Reforming Legal Education, D. Moss & D. Curtis, eds., 2012
29 Pages Posted: 2 Sep 2012
Date Written: 2012
In early 2008, Washington and Lee fundamentally reformed the entire third year law school curriculum. The new curriculum broke with decades-long tradition by focusing entirely on student-centered, experiential learning. It also sharply distinguished the educational approach in the third year from that in the first and second years, thereby creating a strong sense of pedagogical progression. Finally, it more deliberately prepared students for the transition to practice and emphasized the importance of attending to the formation of a professional identity.
This article, a chapter in a new book − Reforming Legal Education (D. Moss & D. Curtis, eds., 2012) – describes in detail the substantive curricular changes made at Washington and Lee. But it also describes more process-oriented factors that are critical to successful curricular reform such as aligning proposed changes with a school’s or university’s larger strategic objectives so as to achieve true institutional “fit.” We also describe the importance of thoughtful implementation of reform, after adoption, through a phased-in “roll out” process. Finally, we relate how our curricular changes included, from the outset, a mandated mechanism for post-adoption assessment on an ongoing basis. Assurance of expected regular occasions for revisiting curricular reform can itself facilitate change and overcome initial resistance.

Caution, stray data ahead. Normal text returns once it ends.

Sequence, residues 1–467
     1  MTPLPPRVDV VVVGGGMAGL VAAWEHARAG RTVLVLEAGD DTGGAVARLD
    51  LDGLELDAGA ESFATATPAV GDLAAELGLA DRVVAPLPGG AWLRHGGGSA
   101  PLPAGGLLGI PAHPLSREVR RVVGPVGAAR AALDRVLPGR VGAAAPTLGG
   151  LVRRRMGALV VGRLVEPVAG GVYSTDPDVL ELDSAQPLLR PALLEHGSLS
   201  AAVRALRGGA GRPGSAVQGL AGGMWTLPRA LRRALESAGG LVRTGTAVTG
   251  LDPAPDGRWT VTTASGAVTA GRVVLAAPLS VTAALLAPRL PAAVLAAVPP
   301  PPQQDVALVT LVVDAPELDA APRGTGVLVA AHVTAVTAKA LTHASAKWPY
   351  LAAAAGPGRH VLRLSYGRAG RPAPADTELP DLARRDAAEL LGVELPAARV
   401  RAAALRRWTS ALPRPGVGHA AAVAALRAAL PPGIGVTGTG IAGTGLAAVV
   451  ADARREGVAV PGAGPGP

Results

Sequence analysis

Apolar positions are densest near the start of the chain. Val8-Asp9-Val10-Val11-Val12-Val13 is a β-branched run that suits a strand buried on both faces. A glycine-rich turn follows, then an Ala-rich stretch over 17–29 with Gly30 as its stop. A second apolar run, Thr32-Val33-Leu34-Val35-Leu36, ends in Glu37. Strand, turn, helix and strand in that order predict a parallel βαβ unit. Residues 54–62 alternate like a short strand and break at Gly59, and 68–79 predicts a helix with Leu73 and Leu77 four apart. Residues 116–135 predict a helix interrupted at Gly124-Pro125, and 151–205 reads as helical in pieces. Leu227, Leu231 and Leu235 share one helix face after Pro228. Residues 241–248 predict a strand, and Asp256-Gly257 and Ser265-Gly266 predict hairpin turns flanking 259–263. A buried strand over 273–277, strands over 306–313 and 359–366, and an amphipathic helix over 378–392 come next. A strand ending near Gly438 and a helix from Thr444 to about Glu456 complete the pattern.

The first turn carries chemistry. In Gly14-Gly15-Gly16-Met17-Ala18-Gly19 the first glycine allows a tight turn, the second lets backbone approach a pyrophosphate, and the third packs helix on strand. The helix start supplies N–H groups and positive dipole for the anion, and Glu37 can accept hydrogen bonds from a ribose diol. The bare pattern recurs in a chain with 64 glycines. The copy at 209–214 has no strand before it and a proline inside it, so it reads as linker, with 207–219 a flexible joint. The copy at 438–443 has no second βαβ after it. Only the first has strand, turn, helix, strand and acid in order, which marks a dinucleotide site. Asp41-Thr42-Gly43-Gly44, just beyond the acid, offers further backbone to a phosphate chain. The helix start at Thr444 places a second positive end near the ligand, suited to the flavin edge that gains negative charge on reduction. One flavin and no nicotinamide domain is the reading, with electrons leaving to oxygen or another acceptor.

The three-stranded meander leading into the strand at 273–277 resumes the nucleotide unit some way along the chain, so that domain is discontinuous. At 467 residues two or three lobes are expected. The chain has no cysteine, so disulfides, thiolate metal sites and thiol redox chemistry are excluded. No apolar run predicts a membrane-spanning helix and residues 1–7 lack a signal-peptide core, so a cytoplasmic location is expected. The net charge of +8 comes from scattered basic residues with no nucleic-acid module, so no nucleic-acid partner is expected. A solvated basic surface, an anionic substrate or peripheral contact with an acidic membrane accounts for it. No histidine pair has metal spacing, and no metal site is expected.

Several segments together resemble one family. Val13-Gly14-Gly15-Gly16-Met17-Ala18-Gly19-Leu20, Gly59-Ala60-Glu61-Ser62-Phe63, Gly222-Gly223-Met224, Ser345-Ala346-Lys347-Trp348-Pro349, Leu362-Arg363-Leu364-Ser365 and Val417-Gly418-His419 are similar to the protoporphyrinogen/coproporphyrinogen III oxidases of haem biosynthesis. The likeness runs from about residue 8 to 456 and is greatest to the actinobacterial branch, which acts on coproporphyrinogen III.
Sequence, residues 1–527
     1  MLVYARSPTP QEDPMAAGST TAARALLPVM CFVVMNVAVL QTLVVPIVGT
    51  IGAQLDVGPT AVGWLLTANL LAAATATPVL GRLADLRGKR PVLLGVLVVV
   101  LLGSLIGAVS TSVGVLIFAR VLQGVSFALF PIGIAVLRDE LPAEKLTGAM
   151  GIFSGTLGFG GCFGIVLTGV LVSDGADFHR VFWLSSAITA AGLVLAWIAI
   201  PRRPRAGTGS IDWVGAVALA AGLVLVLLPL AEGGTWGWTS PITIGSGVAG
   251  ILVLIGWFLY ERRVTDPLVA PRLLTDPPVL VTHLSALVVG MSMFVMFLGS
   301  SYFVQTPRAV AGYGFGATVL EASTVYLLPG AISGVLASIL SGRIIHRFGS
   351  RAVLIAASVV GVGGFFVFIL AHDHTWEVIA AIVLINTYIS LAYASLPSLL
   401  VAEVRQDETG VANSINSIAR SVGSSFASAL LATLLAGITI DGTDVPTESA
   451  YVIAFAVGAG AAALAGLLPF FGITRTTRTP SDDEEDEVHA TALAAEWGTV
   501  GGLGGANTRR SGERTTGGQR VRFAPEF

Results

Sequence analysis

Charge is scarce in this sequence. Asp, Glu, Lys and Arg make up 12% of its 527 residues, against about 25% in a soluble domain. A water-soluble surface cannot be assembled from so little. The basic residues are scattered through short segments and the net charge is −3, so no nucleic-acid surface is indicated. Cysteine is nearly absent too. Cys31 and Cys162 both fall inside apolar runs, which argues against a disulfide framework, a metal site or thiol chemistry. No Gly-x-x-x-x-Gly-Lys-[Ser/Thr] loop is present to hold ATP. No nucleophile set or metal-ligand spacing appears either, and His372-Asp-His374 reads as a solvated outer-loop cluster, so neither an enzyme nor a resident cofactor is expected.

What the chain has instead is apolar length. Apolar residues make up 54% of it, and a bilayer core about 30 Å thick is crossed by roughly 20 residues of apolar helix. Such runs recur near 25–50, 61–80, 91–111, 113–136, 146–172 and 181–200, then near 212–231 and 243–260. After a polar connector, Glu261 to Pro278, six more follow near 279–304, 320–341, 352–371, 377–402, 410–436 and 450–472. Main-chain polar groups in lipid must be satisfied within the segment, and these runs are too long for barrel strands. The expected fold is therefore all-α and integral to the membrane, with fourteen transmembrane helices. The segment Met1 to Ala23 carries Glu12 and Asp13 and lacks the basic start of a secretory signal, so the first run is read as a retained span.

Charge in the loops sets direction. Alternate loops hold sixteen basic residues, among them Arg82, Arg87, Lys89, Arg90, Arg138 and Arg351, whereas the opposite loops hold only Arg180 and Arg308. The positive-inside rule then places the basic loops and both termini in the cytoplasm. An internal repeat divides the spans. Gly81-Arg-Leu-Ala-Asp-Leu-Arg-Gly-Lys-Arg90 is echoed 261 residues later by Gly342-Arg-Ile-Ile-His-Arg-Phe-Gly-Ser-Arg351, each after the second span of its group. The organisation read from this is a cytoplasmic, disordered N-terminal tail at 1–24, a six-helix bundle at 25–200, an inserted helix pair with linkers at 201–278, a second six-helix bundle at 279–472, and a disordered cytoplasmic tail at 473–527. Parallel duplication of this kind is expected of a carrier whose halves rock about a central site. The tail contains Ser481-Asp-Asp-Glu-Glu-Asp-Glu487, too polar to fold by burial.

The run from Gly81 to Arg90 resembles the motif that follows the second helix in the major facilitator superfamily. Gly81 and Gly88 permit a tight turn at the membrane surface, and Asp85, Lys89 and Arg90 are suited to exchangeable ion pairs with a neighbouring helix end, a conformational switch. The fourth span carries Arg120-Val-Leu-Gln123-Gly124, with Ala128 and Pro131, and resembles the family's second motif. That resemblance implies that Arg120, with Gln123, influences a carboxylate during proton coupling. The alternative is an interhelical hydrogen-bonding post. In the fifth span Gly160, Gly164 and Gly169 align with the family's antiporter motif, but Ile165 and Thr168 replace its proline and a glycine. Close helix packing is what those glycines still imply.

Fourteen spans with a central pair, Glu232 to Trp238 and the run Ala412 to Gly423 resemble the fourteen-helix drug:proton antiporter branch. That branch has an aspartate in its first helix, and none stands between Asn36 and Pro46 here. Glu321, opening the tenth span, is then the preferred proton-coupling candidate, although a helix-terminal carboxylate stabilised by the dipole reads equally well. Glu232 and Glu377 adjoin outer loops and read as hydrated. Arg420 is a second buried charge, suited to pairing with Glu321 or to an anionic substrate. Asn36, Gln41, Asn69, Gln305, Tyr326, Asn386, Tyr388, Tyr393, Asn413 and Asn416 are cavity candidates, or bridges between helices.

Keywords: legal education, law school, law school curriculum, transition to practice, professional identity, admission to the bar
Suggested Citation: Suggested Citation
Johnson, Lyman and Danforth, Robert T. and Millon, David, Reforming the Third Year of Law School (2012). Reforming Legal Education, D. Moss & D. Curtis, eds., 2012; U of St. Thomas Legal Studies Research Paper No. 12-24; Washington & Lee Legal Studies Paper. Available at SSRN: https://ssrn.com/abstract=2139789
By John Lande
By Daniel Katz
By Debra Curtis